A shopper’s service experience on Amazon can begin at many trigger points on the site.

The navigation bars are always in view, “where users expect to find them,” say the authors of “An Analysis of the Amazon Shopping Experience.” The search function is intuitive, bringing up results from singular and plural queries in addition to other items that could be a logical match.

From the “product page,” shoppers can check out or add the item to a wish list for later. The product page nearly always includes photographs that enlarge. Scrolling farther down are suggestions based on what others bought.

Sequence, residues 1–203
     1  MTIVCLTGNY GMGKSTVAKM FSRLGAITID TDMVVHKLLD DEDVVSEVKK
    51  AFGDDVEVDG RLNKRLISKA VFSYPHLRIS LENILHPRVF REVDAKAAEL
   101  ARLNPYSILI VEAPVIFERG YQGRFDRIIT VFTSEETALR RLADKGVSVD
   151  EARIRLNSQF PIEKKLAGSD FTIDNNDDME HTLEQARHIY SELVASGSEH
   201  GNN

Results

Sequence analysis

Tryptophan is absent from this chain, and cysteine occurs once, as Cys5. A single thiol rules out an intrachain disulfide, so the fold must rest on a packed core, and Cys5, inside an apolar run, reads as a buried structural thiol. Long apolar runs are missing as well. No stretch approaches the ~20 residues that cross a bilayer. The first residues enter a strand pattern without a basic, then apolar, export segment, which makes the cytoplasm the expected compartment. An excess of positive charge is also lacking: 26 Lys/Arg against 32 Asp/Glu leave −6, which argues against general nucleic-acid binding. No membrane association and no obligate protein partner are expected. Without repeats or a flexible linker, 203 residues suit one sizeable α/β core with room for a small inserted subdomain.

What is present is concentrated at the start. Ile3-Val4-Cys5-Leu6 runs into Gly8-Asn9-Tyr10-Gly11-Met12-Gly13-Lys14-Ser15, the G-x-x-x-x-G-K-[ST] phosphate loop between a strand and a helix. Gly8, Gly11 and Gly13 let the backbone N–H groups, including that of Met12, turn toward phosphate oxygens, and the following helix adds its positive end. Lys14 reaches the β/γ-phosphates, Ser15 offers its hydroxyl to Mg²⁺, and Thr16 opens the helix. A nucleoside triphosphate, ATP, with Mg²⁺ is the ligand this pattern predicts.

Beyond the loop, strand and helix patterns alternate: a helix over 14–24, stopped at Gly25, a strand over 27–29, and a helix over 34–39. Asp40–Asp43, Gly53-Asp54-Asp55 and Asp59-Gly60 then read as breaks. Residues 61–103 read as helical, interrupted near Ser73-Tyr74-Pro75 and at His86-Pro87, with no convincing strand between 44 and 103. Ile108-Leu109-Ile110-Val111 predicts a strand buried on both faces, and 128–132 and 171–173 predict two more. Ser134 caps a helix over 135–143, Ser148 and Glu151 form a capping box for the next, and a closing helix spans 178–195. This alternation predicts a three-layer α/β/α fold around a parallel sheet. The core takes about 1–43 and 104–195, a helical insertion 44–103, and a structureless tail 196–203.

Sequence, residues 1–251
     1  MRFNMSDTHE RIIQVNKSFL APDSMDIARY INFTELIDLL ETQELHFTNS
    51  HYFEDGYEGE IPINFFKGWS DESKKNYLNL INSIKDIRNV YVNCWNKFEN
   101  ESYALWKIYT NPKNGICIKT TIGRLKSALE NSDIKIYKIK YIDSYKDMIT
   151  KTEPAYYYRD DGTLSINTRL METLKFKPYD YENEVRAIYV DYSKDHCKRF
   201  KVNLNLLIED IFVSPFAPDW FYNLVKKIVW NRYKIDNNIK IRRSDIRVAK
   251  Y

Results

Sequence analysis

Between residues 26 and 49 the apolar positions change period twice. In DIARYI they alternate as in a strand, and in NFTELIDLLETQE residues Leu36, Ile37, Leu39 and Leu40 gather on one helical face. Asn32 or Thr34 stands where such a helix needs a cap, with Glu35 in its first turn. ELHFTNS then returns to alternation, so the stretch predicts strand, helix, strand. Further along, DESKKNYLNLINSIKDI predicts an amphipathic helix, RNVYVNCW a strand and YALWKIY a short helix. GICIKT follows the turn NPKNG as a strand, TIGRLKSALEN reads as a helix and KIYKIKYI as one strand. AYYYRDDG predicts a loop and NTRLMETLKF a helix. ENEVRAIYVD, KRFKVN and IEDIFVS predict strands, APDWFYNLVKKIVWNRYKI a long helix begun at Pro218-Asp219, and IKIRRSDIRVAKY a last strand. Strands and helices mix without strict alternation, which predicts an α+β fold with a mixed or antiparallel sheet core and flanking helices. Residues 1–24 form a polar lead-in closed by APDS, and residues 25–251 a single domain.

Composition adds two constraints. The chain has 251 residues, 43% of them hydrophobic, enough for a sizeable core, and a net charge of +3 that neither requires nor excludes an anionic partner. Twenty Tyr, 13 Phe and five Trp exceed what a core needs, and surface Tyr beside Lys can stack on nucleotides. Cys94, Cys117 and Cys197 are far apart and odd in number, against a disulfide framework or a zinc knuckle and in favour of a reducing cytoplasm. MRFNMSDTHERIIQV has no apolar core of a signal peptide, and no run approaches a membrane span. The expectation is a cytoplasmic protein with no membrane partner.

Farther down on the page is detailed product information and user-submitted reviews. Algorithms also help to bring shoppers back to where they left off the next time they sign in, from any of their devices.

When shoppers are ready to check out, they can change quantities or delete items.  Then they choose or confirm the shipping address, followed by the payment page.

But prior to clicking ‘Place Order’ shoppers are asked if they want to save all their information to their account for faster checkout in the future.